TY - JOUR
T1 - Loss of Sexual Reproduction and Dwarfing in a Small Metazoan
A1 - Stelzer, Claus-Peter
A1 - Schmidt, Johanna
A1 - Wiedlroither, Anneliese
A1 - Riss, Simone
Y1 - 2010/09/20
Asexuality has major theoretical advantages over sexual reproduction, yet newly formed asexual lineages rarely endure. The success, or failure, of such lineages is affected by their mechanism of origin, because it determines their initial genetic makeup and variability. Most previously described mechanisms imply that asexual lineages are randomly frozen subsamples of a sexual population.
We found that transitions to obligate parthenogenesis (OP) in the rotifer Brachionus calyciflorus, a small freshwater invertebrate which normally reproduces by cyclical parthenogenesis, were controlled by a simple Mendelian inheritance. Pedigree analysis suggested that obligate parthenogens were homozygous for a recessive allele, which caused inability to respond to the chemical signals that normally induce sexual reproduction in this species. Alternative mechanisms, such as ploidy changes, could be ruled out on the basis of flow cytometric measurements and genetic marker analysis. Interestingly, obligate parthenogens were also dwarfs (approximately 50% smaller than cyclical parthenogens), indicating pleiotropy or linkage with genes that strongly affect body size. We found no adverse effects of OP on survival or fecundity.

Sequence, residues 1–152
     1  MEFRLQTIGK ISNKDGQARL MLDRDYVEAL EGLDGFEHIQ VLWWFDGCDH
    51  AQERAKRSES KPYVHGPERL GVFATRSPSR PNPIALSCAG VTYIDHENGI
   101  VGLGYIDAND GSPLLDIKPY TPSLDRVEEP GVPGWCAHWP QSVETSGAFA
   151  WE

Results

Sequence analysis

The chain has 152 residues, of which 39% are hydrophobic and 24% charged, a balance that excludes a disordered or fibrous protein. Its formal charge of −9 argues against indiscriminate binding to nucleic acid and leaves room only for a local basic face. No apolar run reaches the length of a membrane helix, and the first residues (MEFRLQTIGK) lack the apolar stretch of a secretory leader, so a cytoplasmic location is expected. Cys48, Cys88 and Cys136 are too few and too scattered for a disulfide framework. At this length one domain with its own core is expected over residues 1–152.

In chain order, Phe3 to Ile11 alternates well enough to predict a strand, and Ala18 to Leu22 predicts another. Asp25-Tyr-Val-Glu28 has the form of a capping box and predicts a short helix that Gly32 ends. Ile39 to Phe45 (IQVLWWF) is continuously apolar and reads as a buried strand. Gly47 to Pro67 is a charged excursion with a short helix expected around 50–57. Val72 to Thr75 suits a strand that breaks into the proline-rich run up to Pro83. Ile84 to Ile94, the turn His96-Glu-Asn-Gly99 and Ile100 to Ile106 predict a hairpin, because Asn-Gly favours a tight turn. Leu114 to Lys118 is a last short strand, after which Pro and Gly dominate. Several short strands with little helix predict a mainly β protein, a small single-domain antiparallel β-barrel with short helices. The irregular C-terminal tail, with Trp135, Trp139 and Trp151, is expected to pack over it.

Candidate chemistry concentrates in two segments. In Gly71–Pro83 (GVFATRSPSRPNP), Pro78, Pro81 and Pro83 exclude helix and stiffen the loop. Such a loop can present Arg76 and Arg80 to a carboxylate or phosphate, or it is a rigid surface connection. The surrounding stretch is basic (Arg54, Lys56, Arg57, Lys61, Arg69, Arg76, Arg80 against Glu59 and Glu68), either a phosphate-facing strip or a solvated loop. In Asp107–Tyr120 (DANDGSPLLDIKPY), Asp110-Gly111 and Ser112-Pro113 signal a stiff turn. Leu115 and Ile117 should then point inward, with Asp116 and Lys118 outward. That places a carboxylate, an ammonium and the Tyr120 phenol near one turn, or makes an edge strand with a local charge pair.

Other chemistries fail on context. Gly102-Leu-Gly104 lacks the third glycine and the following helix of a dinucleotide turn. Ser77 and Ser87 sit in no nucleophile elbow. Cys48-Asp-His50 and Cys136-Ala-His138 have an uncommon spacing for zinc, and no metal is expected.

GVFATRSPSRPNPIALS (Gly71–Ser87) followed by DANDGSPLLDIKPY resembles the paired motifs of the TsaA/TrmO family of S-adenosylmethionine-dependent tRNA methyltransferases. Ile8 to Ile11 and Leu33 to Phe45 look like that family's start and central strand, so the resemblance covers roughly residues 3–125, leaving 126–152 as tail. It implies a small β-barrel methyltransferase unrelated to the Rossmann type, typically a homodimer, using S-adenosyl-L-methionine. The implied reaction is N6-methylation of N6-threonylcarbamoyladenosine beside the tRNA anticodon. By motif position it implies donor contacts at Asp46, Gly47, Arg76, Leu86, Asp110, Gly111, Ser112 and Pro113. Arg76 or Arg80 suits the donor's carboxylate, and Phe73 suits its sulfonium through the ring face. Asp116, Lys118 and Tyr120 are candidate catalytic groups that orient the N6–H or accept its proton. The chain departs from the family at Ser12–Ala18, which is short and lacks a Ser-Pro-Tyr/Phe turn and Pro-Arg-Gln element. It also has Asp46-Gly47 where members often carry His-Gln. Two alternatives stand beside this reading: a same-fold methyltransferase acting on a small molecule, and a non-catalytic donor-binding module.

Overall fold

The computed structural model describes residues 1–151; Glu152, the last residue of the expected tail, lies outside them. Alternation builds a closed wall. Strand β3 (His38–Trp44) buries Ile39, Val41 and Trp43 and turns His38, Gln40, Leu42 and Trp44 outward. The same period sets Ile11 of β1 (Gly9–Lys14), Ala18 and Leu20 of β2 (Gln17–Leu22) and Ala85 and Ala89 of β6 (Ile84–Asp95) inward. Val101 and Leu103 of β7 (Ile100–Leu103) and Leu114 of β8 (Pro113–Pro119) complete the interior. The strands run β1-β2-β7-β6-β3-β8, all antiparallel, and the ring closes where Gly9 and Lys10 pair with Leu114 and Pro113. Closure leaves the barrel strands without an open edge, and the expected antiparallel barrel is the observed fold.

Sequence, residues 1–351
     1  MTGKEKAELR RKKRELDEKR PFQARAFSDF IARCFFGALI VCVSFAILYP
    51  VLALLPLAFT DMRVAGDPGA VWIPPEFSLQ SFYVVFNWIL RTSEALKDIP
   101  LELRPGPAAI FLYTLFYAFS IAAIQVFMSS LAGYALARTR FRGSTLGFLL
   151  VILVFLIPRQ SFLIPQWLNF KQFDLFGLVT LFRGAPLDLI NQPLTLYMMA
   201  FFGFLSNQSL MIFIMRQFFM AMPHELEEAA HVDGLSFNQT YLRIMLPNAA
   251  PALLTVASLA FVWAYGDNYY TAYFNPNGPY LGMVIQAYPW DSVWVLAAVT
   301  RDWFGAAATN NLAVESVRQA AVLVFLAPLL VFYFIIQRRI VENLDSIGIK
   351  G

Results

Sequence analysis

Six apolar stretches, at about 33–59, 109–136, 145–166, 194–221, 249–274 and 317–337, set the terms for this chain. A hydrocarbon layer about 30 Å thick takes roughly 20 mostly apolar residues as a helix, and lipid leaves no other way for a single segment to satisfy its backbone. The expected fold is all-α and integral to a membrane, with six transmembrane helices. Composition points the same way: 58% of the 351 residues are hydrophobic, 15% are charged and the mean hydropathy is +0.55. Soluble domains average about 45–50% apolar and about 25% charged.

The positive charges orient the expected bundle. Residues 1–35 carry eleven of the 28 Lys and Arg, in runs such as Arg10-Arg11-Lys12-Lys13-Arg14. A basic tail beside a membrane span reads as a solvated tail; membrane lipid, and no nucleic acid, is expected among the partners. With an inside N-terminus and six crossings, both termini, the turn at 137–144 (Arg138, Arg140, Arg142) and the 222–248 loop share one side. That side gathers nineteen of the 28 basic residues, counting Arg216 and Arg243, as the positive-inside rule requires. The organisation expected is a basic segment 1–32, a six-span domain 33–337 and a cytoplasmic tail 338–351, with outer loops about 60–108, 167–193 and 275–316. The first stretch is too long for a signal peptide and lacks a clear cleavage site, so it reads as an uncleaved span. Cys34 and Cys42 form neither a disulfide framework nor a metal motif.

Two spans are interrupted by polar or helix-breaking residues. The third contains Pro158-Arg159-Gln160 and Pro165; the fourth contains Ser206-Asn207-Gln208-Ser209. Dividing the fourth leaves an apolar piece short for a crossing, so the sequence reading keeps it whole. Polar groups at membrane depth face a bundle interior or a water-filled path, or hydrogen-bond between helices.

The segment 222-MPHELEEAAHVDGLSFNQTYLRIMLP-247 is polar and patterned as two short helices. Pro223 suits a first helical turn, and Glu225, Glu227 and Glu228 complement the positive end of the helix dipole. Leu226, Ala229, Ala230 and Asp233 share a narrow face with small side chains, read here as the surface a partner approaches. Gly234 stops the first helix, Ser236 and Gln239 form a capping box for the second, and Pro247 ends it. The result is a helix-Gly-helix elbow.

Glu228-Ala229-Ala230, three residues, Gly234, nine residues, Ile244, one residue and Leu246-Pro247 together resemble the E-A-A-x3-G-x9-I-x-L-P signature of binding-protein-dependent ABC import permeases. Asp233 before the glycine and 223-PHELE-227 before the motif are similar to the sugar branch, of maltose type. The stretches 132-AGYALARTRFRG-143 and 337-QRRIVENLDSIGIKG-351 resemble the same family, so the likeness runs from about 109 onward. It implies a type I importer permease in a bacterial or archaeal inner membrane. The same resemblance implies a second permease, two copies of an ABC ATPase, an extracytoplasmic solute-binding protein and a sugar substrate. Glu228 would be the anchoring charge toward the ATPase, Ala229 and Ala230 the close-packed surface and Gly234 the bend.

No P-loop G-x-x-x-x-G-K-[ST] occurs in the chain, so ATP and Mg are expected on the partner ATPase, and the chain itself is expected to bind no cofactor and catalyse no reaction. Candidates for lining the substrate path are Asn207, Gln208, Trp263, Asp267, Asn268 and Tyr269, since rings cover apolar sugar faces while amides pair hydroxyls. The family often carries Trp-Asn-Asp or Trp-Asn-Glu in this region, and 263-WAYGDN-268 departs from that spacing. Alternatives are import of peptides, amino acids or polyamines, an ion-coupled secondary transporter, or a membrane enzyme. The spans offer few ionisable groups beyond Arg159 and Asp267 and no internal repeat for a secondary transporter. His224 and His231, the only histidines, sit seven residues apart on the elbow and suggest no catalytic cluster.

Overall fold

This mechanism of inheritance implies that genes causing OP may evolve within sexual populations and remain undetected in the heterozygous state long before they get frequent enough to actually cause a transition to asexual reproduction. In this process, genetic variation at other loci might become linked to OP genes, leading to non-random associations between asexuality and other phenotypic traits.
JF - PLoS ONE
JA - PLoS ONE
VL - 5
IS - 9
UR - http://dx.doi.org/10.1371%2Fjournal.pone.0012854
SP - e12854
PB - Public Library of Science
M3 - doi:10.1371/journal.pone.0012854